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Lynnette Harris

Other 1991 Exonerations
In November 1989, a federal grand jury in Milwaukee, Wisconsin indicted 35-year-old twin sisters, Lynnette Harris and Leigh Ann Conley, on charges of evading taxes on more than $1 million in income from 1985 through 1987.

The sisters had gained notoriety in 1981 by posing nude together for Playboy Magazine. They were accused of failing to report money that they received from David Kritzik, a wealthy widower, who was partial to young women in general and to Harris and Conley in particular.

Federal prosecutors said they were among five women with whom Kritzik spent time over the years. Harris and her sister were accused of collecting more than $1 million from Kritzik in cash, real state, furs, cars, jewelry and other valuables. Kritzik, a resident of the Milwaukee suburb of Shorewood, died in June 1989, two years after his relationship with the sisters ended.

The sisters were granted separate trials and Harris went on trial first, in May 1991 in U.S. District Court in Milwaukee.

The prosecution presented Kritzik’s federal income tax returns showing that he directly or indirectly showered about $500,000 on Harris and the same amount on Conley from 1985 through 1987, while reporting less than $50,000 in gifts to them on his returns. The prosecution argued that because Kritzik reported far less as gifts, the balance should have been treated by the sisters as income.

Harris testified that Kritzik had promised to take care of her, told her that he loved her, and said that he enjoyed giving her gifts. She said she had sex with him as did her sister.

The defense sought to introduce letters written by Kritzik to show that Kritzik intended the money and other valuables to be gifts. Kritzik said in a letter written in 1981 that he loved and trusted Harris and that, “so far as the things I give you are concerned—let me say that I get as great if not even greater pleasure in giving than you get in receiving.”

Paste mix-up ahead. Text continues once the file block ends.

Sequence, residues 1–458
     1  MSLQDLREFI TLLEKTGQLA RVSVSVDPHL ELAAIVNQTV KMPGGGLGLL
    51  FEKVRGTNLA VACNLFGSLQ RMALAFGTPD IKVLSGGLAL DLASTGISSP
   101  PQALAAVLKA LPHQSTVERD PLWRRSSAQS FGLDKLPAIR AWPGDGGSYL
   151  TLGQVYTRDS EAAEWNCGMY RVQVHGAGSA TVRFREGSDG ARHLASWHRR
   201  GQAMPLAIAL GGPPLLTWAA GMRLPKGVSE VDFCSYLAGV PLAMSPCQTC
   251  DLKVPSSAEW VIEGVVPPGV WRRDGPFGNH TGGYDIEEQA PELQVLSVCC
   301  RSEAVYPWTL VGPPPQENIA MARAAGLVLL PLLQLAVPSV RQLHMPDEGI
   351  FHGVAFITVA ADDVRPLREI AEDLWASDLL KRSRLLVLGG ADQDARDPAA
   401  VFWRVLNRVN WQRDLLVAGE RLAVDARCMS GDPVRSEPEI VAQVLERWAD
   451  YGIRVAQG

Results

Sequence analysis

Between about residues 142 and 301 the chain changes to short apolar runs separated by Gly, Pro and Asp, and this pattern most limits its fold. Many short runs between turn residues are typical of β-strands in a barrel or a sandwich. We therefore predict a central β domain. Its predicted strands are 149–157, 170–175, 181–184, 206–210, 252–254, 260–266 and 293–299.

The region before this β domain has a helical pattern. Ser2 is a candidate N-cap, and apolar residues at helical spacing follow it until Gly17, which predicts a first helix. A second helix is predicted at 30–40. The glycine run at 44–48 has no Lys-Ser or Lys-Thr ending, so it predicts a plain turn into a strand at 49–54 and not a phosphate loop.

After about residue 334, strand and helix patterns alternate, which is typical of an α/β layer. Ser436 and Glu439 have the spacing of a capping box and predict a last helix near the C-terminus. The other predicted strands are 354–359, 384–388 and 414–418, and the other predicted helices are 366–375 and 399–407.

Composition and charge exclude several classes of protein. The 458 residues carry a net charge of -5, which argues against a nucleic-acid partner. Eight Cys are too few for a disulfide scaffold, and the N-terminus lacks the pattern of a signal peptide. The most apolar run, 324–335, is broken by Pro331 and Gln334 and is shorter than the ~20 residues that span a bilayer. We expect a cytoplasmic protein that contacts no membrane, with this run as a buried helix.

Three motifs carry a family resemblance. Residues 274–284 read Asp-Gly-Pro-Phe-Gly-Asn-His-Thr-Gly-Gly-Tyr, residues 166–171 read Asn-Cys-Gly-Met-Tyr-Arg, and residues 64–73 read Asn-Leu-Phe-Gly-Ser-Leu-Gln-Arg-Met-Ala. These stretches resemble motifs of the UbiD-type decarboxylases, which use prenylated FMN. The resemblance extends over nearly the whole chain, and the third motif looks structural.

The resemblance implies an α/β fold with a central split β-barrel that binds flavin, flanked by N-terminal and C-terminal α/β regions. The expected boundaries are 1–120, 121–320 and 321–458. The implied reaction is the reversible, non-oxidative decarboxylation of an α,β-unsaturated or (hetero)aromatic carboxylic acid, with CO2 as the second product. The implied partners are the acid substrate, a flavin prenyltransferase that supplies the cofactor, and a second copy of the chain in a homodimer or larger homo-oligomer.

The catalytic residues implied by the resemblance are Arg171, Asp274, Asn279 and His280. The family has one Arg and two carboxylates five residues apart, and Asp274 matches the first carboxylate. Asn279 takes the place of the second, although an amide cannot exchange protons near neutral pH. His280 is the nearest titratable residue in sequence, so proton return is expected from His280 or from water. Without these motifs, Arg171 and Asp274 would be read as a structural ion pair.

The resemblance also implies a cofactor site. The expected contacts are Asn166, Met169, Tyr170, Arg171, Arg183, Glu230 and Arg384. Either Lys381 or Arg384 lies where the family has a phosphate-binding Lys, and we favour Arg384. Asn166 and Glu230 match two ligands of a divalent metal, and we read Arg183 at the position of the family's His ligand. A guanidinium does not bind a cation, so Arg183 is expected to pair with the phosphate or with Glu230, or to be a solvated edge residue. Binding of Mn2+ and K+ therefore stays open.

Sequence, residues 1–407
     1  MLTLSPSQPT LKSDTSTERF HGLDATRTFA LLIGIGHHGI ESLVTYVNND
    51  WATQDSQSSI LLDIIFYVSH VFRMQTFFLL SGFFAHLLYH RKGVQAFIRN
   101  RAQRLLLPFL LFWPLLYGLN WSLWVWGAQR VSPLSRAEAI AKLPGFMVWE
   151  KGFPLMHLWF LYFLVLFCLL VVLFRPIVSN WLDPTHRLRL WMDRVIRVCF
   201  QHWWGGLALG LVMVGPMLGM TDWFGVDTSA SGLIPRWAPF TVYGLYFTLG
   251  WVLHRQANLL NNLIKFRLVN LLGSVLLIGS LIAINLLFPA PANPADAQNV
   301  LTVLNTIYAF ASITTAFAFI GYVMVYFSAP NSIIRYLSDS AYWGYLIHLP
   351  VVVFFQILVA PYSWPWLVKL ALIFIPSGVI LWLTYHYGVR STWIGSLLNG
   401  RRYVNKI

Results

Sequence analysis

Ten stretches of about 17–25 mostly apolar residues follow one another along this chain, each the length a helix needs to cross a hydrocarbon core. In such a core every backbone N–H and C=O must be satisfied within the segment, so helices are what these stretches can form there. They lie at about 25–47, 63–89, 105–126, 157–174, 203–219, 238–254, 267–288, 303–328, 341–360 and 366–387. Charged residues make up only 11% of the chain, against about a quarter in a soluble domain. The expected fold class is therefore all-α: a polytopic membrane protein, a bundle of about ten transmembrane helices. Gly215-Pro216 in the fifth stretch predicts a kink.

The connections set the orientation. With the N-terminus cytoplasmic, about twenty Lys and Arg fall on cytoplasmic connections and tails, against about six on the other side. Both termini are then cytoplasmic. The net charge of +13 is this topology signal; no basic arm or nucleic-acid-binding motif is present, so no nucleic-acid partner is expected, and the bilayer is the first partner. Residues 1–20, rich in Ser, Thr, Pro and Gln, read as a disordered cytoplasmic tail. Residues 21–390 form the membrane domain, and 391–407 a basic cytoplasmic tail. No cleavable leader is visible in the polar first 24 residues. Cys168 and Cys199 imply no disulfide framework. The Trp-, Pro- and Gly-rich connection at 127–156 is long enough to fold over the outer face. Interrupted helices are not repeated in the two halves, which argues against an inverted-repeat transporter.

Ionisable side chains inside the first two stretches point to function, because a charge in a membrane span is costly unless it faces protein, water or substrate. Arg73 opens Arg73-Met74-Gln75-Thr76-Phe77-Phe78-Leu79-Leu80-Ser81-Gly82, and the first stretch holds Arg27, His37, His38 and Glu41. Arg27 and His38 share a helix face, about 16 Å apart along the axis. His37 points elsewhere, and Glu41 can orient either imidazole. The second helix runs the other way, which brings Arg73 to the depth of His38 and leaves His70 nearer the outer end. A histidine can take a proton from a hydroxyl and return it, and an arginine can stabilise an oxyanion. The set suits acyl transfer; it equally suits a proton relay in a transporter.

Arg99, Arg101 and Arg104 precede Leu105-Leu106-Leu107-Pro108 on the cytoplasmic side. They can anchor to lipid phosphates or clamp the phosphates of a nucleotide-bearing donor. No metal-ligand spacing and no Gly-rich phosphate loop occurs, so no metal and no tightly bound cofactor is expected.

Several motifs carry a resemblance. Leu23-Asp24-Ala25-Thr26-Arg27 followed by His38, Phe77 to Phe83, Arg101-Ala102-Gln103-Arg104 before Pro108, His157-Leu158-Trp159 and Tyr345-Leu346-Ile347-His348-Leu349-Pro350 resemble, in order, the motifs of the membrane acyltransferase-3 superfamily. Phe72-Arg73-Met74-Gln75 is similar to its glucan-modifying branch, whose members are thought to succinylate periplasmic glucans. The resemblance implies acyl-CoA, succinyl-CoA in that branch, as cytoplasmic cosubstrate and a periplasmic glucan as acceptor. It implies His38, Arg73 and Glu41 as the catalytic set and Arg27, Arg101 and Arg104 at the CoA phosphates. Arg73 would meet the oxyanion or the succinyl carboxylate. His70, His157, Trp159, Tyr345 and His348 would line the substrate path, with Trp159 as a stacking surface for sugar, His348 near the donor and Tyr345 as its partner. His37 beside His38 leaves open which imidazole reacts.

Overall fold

The letter continued, “I love giving things to you and to see you happy and enjoying them.” In another letter, Kritzik wrote, “I ... love you very much and will do all that I can to make you happy,” and that he would arrange for Harris’s financial security.

In a third letter, dated May 28, 1987, Kritzik wrote to his insurance company regarding the value of certain jewelry that he had “given to…Harris as a gift.” The defense argued this letter demonstrated Kritzik’s state of mind—that valuables given to Harris were in fact gifts.

The trial judge refused to allow the letters in evidence on the ground that they were inadmissible hearsay.

On May 4, 1990, Harris was convicted of two counts of tax evasion and two counts of failing to file tax returns. She was sentenced to 10 months in jail and fined $12,500. In June 1990, Conley also was convicted based on similar evidence. She was sentenced to five months in jail and ordered to pay a $10,000 fine. Both were allowed to remain free on bond pending appeal.

In August 1991, the Seventh Circuit U.S. Court of Appeals reversed both convictions and ordered the charges dismissed. The court held that in order to win convictions the prosecution had to prove that Kritzik intended to give the money and other valuables to the defendants as payment for services (including sex and companionship), and that it had failed in both cases to present sufficient evidence of that intent.

In reversing and dismissing Harris’s case, the court also held that the trial judge had erroneously barred the letters from Kritzik. “These letters were central to Harris’s defense that she believed in good faith that the money she received was a nontaxable gift, and they were not hearsay for this purpose,” the court ruled.

On October 10, 1991, the prosecution said it would not seek to appeal the decision. Three weeks later, Conley and Harris appeared on the Oprah Winfrey talk show and spoke of their love for Kritzik and his mutual feelings for them. Harris later sued to obtain a portion of Kritzik’s estate, but was unsuccessful.

– Maurice Possley

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Posting Date: 10/18/2014
Most Serious Crime:Tax Evasion/Fraud
Additional Convictions:
Reported Crime Date:1987
Sentence:10 months
Age at the date of reported crime:33
Contributing Factors:
Did DNA evidence contribute to the exoneration?:No